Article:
Congratulations to all pupils involved in this year's much-anticipated Upper School production of the musical School of Rock, which ran to great acclaim at the Redgrave Theatre this November.
An adaptation of the original Jack Black movie by Andrew Lloyd Webber, Glenn Slater and Julian Fellowes, the show transferred from Broadway to London in 2016, and has only just been released for amateur performances, with Clifton as usual pioneering its take-up by schools ambitious enough to tackle its challenges.
Amongst the highlights was the performance by five pupils who not only acted, sang and danced, but also played live instruments (drums, guitars, bass and keys) as part of the on-stage rock performances that the ultra-charismatic music coach Dewey Finn draws from his class at Horace Green Prep. Super-charged chorus and backing singing from all the younger cast-members brought audience excitement to fever pitch, particularly with the anthem to teenage rebellion Stick it to the man.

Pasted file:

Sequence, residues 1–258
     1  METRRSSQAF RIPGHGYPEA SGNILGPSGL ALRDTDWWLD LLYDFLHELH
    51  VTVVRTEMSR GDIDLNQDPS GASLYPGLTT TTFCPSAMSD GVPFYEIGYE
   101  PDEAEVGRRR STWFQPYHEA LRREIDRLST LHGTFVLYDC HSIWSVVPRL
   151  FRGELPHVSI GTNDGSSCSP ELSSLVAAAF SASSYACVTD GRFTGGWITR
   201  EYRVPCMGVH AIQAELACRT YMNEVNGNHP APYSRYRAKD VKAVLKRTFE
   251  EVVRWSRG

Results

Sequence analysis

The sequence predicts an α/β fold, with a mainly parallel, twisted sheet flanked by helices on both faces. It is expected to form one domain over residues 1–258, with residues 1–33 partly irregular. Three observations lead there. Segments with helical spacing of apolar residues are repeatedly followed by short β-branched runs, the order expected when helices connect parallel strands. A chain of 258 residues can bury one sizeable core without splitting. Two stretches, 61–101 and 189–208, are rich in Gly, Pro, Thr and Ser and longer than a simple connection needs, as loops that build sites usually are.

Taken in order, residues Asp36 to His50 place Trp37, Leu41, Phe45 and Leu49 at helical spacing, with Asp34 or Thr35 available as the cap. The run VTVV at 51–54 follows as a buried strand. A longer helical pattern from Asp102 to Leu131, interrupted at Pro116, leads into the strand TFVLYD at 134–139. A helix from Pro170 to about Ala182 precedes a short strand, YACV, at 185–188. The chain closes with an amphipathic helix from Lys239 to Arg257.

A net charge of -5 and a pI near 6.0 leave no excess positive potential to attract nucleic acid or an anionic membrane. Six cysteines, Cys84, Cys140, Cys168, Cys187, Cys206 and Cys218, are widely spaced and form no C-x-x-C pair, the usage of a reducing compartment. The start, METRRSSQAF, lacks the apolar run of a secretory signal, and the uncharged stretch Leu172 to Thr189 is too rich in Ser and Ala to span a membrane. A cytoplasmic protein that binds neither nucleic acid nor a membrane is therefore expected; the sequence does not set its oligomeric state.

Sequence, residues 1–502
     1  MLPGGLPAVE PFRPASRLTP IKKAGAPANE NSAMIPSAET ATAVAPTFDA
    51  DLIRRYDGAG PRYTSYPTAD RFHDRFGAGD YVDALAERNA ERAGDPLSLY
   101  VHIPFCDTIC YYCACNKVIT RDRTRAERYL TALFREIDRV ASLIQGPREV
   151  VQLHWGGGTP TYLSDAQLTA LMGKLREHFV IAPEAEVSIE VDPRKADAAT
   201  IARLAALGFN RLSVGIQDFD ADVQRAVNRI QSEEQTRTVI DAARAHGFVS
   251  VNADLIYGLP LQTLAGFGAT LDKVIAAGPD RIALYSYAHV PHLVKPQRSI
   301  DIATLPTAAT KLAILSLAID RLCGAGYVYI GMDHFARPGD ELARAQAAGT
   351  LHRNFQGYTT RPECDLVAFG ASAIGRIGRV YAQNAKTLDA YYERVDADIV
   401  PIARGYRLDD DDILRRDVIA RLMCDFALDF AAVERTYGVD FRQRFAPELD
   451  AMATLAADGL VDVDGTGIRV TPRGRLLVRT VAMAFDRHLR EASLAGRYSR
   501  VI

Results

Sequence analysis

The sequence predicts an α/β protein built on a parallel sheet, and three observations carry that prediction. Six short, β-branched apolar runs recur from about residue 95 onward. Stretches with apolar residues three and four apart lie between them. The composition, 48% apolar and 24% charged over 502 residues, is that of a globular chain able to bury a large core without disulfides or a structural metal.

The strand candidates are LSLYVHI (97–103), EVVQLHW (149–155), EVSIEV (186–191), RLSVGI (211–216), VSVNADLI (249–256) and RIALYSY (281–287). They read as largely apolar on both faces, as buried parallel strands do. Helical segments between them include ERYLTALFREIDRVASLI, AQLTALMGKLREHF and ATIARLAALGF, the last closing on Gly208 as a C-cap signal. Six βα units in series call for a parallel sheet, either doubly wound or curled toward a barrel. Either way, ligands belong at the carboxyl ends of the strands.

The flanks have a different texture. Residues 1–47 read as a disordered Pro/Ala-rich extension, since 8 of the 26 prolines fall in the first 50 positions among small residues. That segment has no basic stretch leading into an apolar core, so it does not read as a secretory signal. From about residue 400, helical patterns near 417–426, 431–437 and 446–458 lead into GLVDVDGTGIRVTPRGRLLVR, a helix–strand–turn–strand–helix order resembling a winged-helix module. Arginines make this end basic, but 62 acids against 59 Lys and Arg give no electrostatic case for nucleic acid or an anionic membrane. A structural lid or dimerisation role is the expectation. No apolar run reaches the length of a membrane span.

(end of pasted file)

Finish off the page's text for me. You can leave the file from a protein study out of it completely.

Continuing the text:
Other features to enjoy included dazzling performances of Mozart's notoriously virtuosic Queen of the Night aria by the headmistress character Miss Mullins, and humorous portrayals by senior pupils of quirky teaching staff, overly protective and unsympathetic parents, and Dewey's best mate (and put-upon husband) Ned, alongside his shrewish and comically vindictive wife, Patty.
College pupils also manned the lighting desk, assisted with stage management, played as part of the live pit band, and ensured that the 68 costume changes ran smoothly each night.
This particular show is tinged with sadness as it marks the final production of Clifton College's Director of Drama, Karen Pickles, whose enterprise and talent have brought to realisation over the years numerous musicals (Fiddler on the Roof, Les Miserables, Evita, Phantom of the Opera, Oliver, Miss Saigon, Chicago, and Cabaret), five junior productions, and, perhaps most innovatively, the summer Shakespeare performances in the College grounds (Romeo and Juliet, The Taming of the Shrew, Macbeth, A Midsummer's Night's Dream, and Twelfth Night). The seeds for a love of drama and musical theatre have most certainly been sown for the coming generations.